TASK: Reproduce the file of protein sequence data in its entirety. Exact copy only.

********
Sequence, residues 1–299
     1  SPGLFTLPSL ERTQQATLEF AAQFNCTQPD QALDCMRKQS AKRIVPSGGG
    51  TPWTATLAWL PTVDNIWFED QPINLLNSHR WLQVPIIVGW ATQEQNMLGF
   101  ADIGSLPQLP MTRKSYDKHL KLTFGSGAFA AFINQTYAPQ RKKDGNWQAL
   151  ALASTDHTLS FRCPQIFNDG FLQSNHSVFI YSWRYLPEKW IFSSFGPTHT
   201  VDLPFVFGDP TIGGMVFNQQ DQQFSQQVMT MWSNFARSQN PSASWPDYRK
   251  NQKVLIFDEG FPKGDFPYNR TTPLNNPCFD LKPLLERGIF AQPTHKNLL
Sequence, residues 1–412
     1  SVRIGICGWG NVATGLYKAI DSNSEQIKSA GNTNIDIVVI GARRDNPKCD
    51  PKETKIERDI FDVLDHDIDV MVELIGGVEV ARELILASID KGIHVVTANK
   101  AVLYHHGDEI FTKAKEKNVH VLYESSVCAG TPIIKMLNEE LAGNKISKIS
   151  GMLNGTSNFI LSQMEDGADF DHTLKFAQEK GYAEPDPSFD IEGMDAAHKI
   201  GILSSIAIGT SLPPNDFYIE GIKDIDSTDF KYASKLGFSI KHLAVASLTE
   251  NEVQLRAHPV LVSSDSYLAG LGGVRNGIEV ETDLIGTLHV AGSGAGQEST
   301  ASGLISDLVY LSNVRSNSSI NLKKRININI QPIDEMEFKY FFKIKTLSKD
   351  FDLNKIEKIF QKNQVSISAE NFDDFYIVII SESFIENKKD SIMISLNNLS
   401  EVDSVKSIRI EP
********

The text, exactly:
Sequence, residues 1–299
     1  SPGLFTLPSL ERTQQATLEF AAQFNCTQPD QALDCMRKQS AKRIVPSGGG
    51  TPWTATLAWL PTVDNIWFED QPINLLNSHR WLQVPIIVGW ATQEQNMLGF
   101  ADIGSLPQLP MTRKSYDKHL KLTFGSGAFA AFINQTYAPQ RKKDGNWQAL
   151  ALASTDHTLS FRCPQIFNDG FLQSNHSVFI YSWRYLPEKW IFSSFGPTHT
   201  VDLPFVFGDP TIGGMVFNQQ DQQFSQQVMT MWSNFARSQN PSASWPDYRK
   251  NQKVLIFDEG FPKGDFPYNR TTPLNNPCFD LKPLLERGIF AQPTHKNLL
Sequence, residues 1–412
     1  SVRIGICGWG NVATGLYKAI DSNSEQIKSA GNTNIDIVVI GARRDNPKCD
    51  PKETKIERDI FDVLDHDIDV MVELIGGVEV ARELILASID KGIHVVTANK
   101  AVLYHHGDEI FTKAKEKNVH VLYESSVCAG TPIIKMLNEE LAGNKISKIS
   151  GMLNGTSNFI LSQMEDGADF DHTLKFAQEK GYAEPDPSFD IEGMDAAHKI
   201  GILSSIAIGT SLPPNDFYIE GIKDIDSTDF KYASKLGFSI KHLAVASLTE
   251  NEVQLRAHPV LVSSDSYLAG LGGVRNGIEV ETDLIGTLHV AGSGAGQEST
   301  ASGLISDLVY LSNVRSNSSI NLKKRININI QPIDEMEFKY FFKIKTLSKD
   351  FDLNKIEKIF QKNQVSISAE NFDDFYIVII SESFIENKKD SIMISLNNLS
   401  EVDSVKSIRI EP